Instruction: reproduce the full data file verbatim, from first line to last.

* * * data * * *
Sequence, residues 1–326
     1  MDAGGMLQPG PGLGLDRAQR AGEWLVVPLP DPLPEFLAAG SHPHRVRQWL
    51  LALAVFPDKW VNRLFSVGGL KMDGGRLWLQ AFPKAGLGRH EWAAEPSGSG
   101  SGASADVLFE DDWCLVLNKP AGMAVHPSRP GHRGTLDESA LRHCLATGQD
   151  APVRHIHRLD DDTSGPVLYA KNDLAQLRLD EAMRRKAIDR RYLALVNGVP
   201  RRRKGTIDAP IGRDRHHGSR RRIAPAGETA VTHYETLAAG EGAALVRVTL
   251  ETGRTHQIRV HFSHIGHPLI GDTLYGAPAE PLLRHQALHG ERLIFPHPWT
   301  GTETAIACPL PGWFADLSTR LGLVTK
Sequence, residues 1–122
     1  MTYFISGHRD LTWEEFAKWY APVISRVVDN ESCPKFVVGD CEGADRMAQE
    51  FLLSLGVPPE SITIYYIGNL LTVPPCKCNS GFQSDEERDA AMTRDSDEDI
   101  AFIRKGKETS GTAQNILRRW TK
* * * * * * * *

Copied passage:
Sequence, residues 1–326
     1  MDAGGMLQPG PGLGLDRAQR AGEWLVVPLP DPLPEFLAAG SHPHRVRQWL
    51  LALAVFPDKW VNRLFSVGGL KMDGGRLWLQ AFPKAGLGRH EWAAEPSGSG
   101  SGASADVLFE DDWCLVLNKP AGMAVHPSRP GHRGTLDESA LRHCLATGQD
   151  APVRHIHRLD DDTSGPVLYA KNDLAQLRLD EAMRRKAIDR RYLALVNGVP
   201  RRRKGTIDAP IGRDRHHGSR RRIAPAGETA VTHYETLAAG EGAALVRVTL
   251  ETGRTHQIRV HFSHIGHPLI GDTLYGAPAE PLLRHQALHG ERLIFPHPWT
   301  GTETAIACPL PGWFADLSTR LGLVTK
Sequence, residues 1–122
     1  MTYFISGHRD LTWEEFAKWY APVISRVVDN ESCPKFVVGD CEGADRMAQE
    51  FLLSLGVPPE SITIYYIGNL LTVPPCKCNS GFQSDEERDA AMTRDSDEDI
   101  AFIRKGKETS GTAQNILRRW TK